• Stage 1: the ‘EIA’ (enzyme immunoassay) test or, less commonly, the immunofluorescence assay (IFA) is performed.
  • Stage 2: if the EIA or IFA are positive or inconclusive, the second test performed is an immunoblot test, also known as a ‘Western blot’. If the symptoms are new onset (less than 30 days), the IgM Western blot is performed.

If symptoms have been present for more than 30 days, a positive or inconclusive EIA or IFA test is followed by the Western Blot IgG test.

Lyme disease treatment

Two basic antibiotics are used to treat Lyme disease: amoxicillin and tetracycline.

Typically, a course of 10-21 days is prescribed.

In some cases, the antibiotics cefuroxime or doxycycline are used.

In cases of long-term Lyme disease, intravenous (IV) antibiotics are sometimes used, in some cases for a longer period.

According to research by the National Institutes of Health (NIH), most people recover from Lyme disease after one course of antibiotics.

Post-treatment Lyme disease syndrome

In some cases, Lyme disease symptoms such as fatigue, muscle pain and cognitive problems persist for more than six months.

This is known as ‘post-treatment Lyme disease syndrome’ (PTLDS), or post-Lyme disease syndrome (PLDS).

It is also sometimes referred to as ‘persistent Lyme disease’ or ‘chronic Lyme disease’.

Researchers estimate that about 10-20% of patients have PTLDS, with continued joint inflammation and other Lyme symptoms for months or years after treatment.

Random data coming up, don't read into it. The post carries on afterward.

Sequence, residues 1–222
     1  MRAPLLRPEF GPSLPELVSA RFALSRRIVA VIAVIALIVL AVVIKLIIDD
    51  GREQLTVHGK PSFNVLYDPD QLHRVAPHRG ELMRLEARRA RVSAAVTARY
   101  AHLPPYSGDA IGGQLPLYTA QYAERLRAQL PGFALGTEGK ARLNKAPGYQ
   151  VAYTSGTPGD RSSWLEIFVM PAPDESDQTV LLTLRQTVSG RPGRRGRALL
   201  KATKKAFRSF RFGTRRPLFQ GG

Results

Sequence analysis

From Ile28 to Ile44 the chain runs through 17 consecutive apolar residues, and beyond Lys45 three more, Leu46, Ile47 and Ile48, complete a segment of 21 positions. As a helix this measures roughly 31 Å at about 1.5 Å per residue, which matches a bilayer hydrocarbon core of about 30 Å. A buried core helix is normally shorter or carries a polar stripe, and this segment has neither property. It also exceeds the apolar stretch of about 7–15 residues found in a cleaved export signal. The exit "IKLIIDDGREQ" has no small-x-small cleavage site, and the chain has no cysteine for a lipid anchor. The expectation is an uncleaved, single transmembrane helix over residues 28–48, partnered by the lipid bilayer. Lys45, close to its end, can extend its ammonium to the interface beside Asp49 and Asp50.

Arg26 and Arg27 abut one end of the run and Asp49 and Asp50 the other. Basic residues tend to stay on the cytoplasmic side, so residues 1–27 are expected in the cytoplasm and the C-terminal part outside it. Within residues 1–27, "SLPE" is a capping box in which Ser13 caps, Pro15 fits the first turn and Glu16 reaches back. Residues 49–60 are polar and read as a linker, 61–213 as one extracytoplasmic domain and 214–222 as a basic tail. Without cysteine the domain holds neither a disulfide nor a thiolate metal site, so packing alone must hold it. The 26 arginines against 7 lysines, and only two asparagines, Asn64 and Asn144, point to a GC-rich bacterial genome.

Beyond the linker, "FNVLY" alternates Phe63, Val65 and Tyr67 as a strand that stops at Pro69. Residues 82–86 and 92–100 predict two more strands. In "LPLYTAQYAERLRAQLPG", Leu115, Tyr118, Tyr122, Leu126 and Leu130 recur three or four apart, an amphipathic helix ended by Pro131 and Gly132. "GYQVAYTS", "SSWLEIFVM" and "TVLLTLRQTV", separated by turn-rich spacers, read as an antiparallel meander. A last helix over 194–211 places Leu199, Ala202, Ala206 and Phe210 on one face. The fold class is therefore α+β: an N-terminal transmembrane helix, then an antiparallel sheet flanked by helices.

Some experts recommend the long-term use of antibiotics – including intravenous antibiotic therapy – to help resolve PTLDS.

Lyme disease, autoimmunity and the thyroid

The reason why some people develop PTLDS is not known, but antibiotic resistance and an autoimmune reaction are thought to play a role.

Some experts theorise that an autoimmune response is triggered by Lyme disease infection, causing increased levels of antibodies that attack the joints.

Some research has also shown that, in the presence of a genetic predisposition to autoimmunity, Lyme disease can give rise to a range of autoimmune diseases that attack other tissues, organs or glands, including Hashimoto’s thyroiditis.

New treatments for Lyme disease and PTLDS are also being investigated, especially in conjunction with autoimmune thyroid disease.

As part of his defence of Lyme disease patients, Dr Holtorf drew attention to cutting-edge research on disulfiram (Antabuse), a drug usually used to treat people with alcohol abuse problems.

Disulfiram is showing promise as a possible treatment for PTLDS and further research is underway.

Read Also

Emergency Live Even More…Live: Download The New Free App Of Your Newspaper For IOS And Android

First Aid Guide For Tick Removal

What To Do In Case Of A Snakebite? Tips Of Prevention And Treatment

Insect Bites And Animal Bites: Treating And Recognising Signs And Symptoms In The Patient

How To Protect Yourself From The Bite Of The Violin Spider (Or Brown Recluse)?

What Is Lyme Disease And What Are Its Symptoms?

Lyme Disease: Watch Out For Tick Bites

Lyme Disease And ADHD: Is There A Connection?

What Is West Nile Virus And What Are The Symptoms Of Infection

Wasps, Bees, Horseflies And Jellyfish: What To Do In The Event Of A Sting Or Bite?

First Malaria Vaccine Approved By WHO

Malaria, High Hopes From Burkinabe Vaccine: Efficacy In 77% Of Cases After Tests

Emergency Extreme: Fighting Malaria Outbreaks With Drones

India, Dengue Epidemic: 67 People Dead In Uttar Pradesh

Malaria: Transmission, Symptoms And Treatment

Dengue Fever: Symptoms, Contagion And Treatment

Chikungunya: The Disease Caused By Bites From Infected Mosquitoes




Health Central

You might also like